(Bloomberg) — Oil extended losses after an industry report showed a surprise jump in stockpiles last week.
West Texas Intermediate crude futures fell as much as 3.2% after the close in New York. The industry-funded American Petroleum Institute reported that U.S. crude stockpiles rose 8.73 million barrels last week, according to people familiar with the data. Gasoline supplies also gained 1.12 million barrels, according to the report.
If confirmed by government data Thursday, the crude build would reverse two weeks of inventory declines — an indication that record supply cuts are not draining a massive supply glut fast enough. While oil has rallied about 70% this month, the market’s recovery from an historic crash remains fragile, with higher prices likely prompting producers to turn the taps back on even as the pandemic continues to quash energy demand.
The API report also showed supplies at the key storage hub of Cushing, Oklahoma, fell by 3.37 million barrels, which would be the third consecutive weekly decline. The Energy Information Administration will release its weekly inventory report Thursday morning.
OPEC+’s deal to cut global output by almost 10 million barrels a day starting in May has helped to lift prices from April lows. Russian President Vladimir Putin and Saudi Arabia’s Mohammed bin Salman on Wednesday reiterated their cooperation on the agreement ahead of a June 9-10 meeting.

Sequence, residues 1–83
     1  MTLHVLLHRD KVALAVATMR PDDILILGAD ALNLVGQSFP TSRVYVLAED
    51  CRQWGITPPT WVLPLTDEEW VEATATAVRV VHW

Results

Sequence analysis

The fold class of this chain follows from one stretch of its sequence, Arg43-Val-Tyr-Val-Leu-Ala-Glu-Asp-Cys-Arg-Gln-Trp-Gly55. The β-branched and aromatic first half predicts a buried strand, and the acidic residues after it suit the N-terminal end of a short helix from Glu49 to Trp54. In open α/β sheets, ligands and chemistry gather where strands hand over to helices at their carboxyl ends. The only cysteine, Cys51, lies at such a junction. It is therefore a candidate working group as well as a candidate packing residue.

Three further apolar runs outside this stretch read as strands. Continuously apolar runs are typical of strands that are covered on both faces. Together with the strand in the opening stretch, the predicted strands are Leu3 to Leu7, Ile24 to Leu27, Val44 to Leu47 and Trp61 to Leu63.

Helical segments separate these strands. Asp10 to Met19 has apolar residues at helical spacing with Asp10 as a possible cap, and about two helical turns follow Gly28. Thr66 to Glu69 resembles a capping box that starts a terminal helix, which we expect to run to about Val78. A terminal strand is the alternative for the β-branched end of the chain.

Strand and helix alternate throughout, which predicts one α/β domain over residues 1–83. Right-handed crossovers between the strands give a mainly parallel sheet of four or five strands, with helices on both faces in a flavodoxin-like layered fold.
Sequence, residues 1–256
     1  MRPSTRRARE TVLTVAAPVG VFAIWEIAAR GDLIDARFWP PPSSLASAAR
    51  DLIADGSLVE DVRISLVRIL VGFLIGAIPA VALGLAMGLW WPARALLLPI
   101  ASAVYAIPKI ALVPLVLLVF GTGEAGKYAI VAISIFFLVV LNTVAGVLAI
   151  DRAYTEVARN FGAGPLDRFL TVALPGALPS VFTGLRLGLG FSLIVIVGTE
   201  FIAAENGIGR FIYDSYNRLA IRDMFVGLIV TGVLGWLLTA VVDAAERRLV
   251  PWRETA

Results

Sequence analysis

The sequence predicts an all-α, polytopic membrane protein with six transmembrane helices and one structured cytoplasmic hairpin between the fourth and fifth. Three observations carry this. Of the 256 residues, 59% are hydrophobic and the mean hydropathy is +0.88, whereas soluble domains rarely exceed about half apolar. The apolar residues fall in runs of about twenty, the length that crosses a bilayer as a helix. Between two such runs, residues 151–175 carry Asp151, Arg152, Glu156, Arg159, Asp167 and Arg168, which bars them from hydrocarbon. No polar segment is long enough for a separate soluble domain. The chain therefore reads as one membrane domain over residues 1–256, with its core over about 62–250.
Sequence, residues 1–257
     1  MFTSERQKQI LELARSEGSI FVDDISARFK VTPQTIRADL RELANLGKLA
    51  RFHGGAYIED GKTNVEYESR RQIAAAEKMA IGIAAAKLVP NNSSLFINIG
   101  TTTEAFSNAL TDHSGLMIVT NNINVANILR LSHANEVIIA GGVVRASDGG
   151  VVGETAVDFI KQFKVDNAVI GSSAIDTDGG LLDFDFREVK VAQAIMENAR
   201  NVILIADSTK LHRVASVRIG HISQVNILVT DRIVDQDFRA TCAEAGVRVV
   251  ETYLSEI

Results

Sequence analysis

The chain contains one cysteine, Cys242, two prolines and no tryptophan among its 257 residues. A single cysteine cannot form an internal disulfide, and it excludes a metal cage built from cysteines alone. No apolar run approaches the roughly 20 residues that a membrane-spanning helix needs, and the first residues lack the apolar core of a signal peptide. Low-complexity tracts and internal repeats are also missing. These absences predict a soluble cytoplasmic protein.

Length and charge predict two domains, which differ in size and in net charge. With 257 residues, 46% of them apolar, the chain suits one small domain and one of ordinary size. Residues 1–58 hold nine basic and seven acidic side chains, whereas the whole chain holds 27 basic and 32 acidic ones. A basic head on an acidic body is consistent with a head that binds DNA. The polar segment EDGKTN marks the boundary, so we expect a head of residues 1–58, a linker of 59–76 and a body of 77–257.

Still, oil slipped from an 11-week high to close lower Wednesday, with investors uncertain about Moscow’s commitment to extending the deal that expires in July. The last time Russia and Saudi Arabia failed to agree on market action, the fallout culminated in a devastating price war that dragged oil prices to historic lows.
“It’s really important to provide stability in the market going forward and have some kind of coordinated effort together that helps not only Russia but OPEC and provides stability in the prices,” said Phil Streible, chief market strategist for Blue Line Futures LLC.
Separately, the U.S. is considering a range of sanctions to punish China for its crackdown on Hong Kong, including controls on transactions and freezing assets of Chinese officials and businesses. Additionally, the U.S. certified Wednesday that Hong Kong is no longer politically autonomous from China. The deteriorating relationship between the world’s two largest economies could complicate the market’s comeback from a historic demand crash.
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